Jurassic Park is as meaningful today as it was twenty-five years ago. Its wide array of sequels, games and dinosaur-based paraphernalia have kept those incredible creatures in the limelight, and Frontier Developments Jurassic World Evolution is proving to be just as robust eighteen months since its release.
Return to Jurassic Park aims to continue that, presenting players with a ‘what if’ scenario where John Hammond somehow manages to, not only get a handle on all those cheeky dinosaurs roaming about on Isla Nublar, but also convinces Ellie Sattler, Alan Grant and Ian Malcolm to return to the park to do things properly. Given that the whole franchise runs on a series of belief-suspending events we can probably forgive it another one, especially when it gives us the chance to finally build our own Jurassic Park.
The campaign that forms the main meat of this expansion starts by re-introducing you to old friends, and you can’t help but get a sense of their hopefulness as you fly to the island via an InGen copter. Of course, Ian Malcolm, voiced by Jeff Goldblum, isn’t so easily swayed, but he probably just wants to watch chaos theory eat everybody. Again.
You have to start fixing things straight away, and you’ll need to hop into a ranger’s jeep and go hands on to get things back up and running. It’s an immediate reminder that Jurassic World Evolution isn’t just a game about clicking on distant icons, and with this DLC you suddenly find that the dinosaurs aren’t so accommodating of you tootling about in their paddocks. A lot of what the Return to Jurassic Park DLC brings with it feels natural, and if there’s a more realistic timeline of dinosaur parks, this seems to be it.
The biggest selling point is that everything looks and behaves like Jurassic Park and not Jurassic World. Gone are the hatcheries, replaced by Arrival Helipads that fly in your newest creations from Isla Sorna. The Visitor Centre boasts the classic, thatched roof design of Spielberg’s film, and all of the supplemental buildings, from the Hotel to the Rest Rooms match up with that original vision. The attention to detail is fantastic, and there’s something magical about Jurassic Park that Jurassic World never quite captured.
Return to Jurassic Park also brings with it a brand new Aviary, filling a hole in the original movie that featured in the original Michael Crichton novel. Where Spielberg originally thought it to be un-filmable, it was eventually featured in the third movie, and Frontier’s version looks fantastic. You can stuff it full of Preanodons and peer inside it. It’s a great-looking addition.
Disappointingly there’s only one type of winged dinosaur to raise in there, and if (or when) they break out they just fly off into the sky rather than harassing your visitors. We expect mayhem from our Jurassic Parks and for once Frontier have only brought us mild inconvenience. Still, there’s plenty of chance for further updates on it, and any new addition to the formula is deeply welcome when we’re at hundreds of hours of dinosaur-rasslin’.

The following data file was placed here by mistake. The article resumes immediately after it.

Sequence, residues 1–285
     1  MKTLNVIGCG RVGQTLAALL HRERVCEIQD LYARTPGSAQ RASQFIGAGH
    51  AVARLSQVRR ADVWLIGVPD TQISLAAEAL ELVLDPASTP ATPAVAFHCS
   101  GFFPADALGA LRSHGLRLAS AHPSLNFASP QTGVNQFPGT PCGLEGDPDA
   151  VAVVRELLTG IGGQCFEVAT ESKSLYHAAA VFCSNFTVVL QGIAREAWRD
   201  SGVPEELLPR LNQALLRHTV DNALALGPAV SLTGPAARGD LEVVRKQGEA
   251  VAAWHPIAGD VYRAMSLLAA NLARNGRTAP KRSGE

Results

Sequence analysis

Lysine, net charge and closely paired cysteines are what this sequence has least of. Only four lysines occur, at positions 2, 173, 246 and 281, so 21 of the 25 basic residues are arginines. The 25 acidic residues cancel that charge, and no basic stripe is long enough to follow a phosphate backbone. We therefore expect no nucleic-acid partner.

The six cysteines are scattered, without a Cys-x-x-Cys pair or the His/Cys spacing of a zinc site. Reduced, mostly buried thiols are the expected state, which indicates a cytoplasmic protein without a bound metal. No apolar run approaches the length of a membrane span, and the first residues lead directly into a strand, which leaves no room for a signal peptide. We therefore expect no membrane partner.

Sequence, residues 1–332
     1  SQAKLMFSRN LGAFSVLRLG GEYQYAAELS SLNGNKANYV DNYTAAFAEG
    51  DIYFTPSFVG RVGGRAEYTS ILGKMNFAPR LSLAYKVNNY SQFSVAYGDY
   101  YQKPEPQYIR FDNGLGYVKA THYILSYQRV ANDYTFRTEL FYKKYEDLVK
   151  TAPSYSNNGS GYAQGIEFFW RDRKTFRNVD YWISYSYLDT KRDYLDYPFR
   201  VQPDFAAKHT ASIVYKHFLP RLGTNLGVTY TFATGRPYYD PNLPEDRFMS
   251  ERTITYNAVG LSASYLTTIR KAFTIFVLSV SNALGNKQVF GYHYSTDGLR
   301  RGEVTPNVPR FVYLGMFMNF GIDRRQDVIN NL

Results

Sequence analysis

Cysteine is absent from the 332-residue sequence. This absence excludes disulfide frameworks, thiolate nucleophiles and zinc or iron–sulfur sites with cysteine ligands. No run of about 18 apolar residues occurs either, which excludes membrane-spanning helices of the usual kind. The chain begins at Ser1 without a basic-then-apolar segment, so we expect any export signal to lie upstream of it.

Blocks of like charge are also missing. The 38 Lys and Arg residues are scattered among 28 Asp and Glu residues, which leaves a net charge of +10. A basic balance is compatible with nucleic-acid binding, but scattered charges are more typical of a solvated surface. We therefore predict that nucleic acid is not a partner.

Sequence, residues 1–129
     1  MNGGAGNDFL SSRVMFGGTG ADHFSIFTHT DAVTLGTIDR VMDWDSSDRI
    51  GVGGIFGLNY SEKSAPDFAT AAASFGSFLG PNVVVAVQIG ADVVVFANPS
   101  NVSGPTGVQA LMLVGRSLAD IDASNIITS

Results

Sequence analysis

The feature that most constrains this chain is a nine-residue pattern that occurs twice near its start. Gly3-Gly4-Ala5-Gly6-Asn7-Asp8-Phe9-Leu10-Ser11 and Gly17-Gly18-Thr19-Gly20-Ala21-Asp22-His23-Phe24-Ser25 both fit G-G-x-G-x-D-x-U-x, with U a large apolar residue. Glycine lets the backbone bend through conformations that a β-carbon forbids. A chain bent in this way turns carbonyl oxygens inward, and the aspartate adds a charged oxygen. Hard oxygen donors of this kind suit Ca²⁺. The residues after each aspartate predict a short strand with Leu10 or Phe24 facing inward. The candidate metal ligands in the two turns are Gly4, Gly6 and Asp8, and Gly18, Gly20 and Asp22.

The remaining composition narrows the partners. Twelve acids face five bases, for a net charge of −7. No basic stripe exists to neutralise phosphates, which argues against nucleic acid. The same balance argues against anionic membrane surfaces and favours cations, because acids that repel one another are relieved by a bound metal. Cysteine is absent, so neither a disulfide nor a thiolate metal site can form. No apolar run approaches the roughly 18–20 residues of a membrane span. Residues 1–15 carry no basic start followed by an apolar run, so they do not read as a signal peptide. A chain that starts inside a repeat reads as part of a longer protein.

Your guests don’t get to roam around from one habitat to another anymore, but are instead taking their Park Tours via classic, green-liveried ’93 Ford Explorers. It’s gone from amusement park to safari park, and so you need to plot out the route around the park in a way that maximises their experience. It’s still a good idea to stick a carnivore feeder near to the track, but you’d better hope that you don’t have anyone with the last name Nedry lurking around in your security centre.
Just like in the film, occasional storms cause plenty of problems, and you need to be quick on the draw to repair your Geothermal Power Stations to prevent those pesky carnivorous inmates from escaping their enclosures. It feels as though you have to deal with fewer breakouts during this campaign than elsewhere in the game, but then we might just be old hands at this by now. It’s definitely a more soothing pace than the base game, and you can take a little more time just enjoying the dinosaurs and the setting instead of manically fighting tooth-filled fires every two minutes.
The conversations between Malcolm, Grant and Sattler help to sell the fiction, and the fact that they’re voiced by the original actors is fantastic. It’s a sad fact that there’s no Richard Attenborough, but the soundalike they’ve used does a pretty good job with the few lines he’s tasked with.
While it might all be personal choice, the dinosaurs now boast classic skins as well, and there’s just something that looks right about them. Jurassic Park set in stone what dinosaurs look like for an entire generation, and Frontier have done a wonderful job recreating them in-game.
Alongside the Pteranodon, there’s also the brand new Compsognathus, which are so tiny that they need special fences to keep them in, and while they might be small, completionists will be glad to finally see them in their parks. It takes the game to its logical conclusion, and for any lifelong fans of the books and films, it’s not likely to get much better than this.
It’s the gift that keeps on giving as well, as once you complete the campaign you can take all of the Park-themed malarkey back into the sandbox and challenge modes. It’s a shame not to be able to mix and match some of the elements between World and Park settings, but overall it gives the game a much needed refresh and should keep you going for a few more Cretaceous periods.